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Former Davis Polk Associate Dreams of Making U.S. Political History

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  • Former Davis Polk Associate Dreams of Making U.S. Political History

    Since when did Davis Polk become the training ground for young, female New York politicians? Kirsten Gillibrand, the state’s junior senator currently in a war-of-words with Harold Ford, toiled for a while at Davis Polk.

    Now comes word that Reshma Saujani, a 34-year-old former Davis Polker, is throwing her hat in the ring in what could be an equally entertaining congressional race. Saujani, according to this story in the NYT, “has won the backing of some prominent Democratic donors for her bid to topple Representative Carolyn B. Maloney, a challenge that is turning heads on the Upper East Side of Manhattan and antagonizing some of New York’s best-known feminists.” Were to she win, Saujani would be the first Indian-American woman to serve in Congress.

    The story is fascinating, partly because Saujani, who currently works as a hedge-fund lawyer, doesn’t seem inclined to exploit the populist notion spreading countrywide that Wall Street is part of the problem, not part of the solution.

    In an interview with the NYT, Saujani accused Maloney and the entire New York Congressional delegation of failing to do enough to aid business. She slammed Maloney for bashing banks and calling for a 100 percent tax on some bonuses.

    “Instead of browbeating Wall Street, I want to invite them to help create jobs,” Saujani said, talking up an idea to connect investment houses with technology start-ups.

    “If you go to Texas, you’ll never hear a Congressional member speak poorly of the oil industry,” she added. “In Michigan, you’ll never hear a Congressional member speak poorly of the auto industry. This is our bread and butter.”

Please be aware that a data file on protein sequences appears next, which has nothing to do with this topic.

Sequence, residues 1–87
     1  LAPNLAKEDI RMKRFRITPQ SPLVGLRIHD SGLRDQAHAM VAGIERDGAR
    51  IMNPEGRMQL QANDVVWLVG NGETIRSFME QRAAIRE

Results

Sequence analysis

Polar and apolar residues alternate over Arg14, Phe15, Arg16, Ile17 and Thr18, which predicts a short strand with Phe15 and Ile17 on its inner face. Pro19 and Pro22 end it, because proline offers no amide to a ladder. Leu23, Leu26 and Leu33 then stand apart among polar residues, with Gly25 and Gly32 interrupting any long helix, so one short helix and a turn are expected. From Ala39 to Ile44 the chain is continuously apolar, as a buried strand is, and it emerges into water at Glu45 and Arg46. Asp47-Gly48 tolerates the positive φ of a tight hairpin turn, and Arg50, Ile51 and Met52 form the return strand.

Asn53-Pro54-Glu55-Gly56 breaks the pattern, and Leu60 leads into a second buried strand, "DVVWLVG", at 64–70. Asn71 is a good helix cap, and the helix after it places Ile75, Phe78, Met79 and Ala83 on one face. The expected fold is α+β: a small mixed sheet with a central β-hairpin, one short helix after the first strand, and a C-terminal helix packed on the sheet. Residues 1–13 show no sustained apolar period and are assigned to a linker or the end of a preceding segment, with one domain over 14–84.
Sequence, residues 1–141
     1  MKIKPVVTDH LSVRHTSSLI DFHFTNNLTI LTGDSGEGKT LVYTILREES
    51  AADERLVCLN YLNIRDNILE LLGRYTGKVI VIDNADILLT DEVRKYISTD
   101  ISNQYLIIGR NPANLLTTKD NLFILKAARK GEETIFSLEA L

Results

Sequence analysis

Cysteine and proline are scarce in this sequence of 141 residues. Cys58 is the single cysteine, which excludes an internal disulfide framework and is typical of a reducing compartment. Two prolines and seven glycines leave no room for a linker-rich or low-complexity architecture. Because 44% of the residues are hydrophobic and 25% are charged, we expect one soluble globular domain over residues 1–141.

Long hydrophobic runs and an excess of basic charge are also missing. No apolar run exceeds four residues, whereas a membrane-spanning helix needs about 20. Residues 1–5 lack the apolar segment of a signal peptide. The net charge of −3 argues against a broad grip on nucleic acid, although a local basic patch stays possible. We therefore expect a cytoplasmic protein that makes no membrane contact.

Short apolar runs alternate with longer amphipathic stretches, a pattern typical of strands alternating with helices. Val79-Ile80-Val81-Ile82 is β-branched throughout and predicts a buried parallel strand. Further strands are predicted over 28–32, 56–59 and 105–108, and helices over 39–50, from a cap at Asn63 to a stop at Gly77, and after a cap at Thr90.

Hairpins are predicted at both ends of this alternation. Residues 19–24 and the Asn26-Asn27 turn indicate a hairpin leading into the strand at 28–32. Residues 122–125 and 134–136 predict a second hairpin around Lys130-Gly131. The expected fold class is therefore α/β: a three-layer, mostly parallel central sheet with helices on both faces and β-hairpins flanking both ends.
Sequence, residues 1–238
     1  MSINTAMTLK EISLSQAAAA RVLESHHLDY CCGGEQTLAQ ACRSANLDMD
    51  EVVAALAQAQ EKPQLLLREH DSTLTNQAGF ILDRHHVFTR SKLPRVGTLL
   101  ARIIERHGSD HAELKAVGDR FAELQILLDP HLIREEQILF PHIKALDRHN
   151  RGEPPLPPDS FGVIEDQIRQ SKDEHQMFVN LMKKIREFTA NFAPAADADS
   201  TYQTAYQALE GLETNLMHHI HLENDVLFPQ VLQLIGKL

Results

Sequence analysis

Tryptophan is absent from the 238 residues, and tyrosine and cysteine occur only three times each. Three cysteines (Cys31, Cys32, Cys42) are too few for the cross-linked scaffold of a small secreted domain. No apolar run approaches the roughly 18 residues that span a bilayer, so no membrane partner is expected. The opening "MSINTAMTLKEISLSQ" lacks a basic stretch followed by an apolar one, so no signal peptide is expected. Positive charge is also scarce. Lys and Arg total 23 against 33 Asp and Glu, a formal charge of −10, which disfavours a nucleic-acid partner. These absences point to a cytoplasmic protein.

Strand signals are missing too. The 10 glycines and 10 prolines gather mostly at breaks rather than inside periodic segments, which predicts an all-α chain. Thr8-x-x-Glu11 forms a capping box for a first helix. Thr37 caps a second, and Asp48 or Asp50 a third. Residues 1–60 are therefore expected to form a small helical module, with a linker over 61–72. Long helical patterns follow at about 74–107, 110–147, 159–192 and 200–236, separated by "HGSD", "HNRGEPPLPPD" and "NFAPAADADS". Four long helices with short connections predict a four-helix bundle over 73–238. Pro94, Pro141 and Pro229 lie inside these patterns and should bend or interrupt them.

Saujani, (Illinois/Yale Law), may have come from Davis Polk, but she’s more recently been steeped in the hedge fund world. In 2005, she helped start an investment fund for a company partly owned by Hassan Nemazee, a Democratic fund-raiser who was charged with bank fraud last year. (Saujani said she left before the alleged crimes.) She went to another fund started by the Carlyle Group, then shifted to Fortress Investment Partners. All of the funds were hammered in the credit crisis.

    Like Gillibrand in the face of Ford’s yet-to-be-made announcement that he’s running for Senate, Maloney’s fighting back. A spokesman for Maloney asked: “What’s her record? What’s her accomplishments? What’s her connection to the district? There is none.”

    According to the NYT story, Saujani’s campaign has annoyed some feminists, whose loyalty Maloney won decades ago for her work on women’s health issues and equal pay.

    Marilyn Fitterman, a former state president of the National Organization for Women, appealed to Saujani in an e-mail message not to challenge Maloney “if you care anything about women’s rights.”

    Saujani, undeterred, said that for paying her dues and waiting, she said, “Last time I read the Constitution, getting in line wasn’t in it.”

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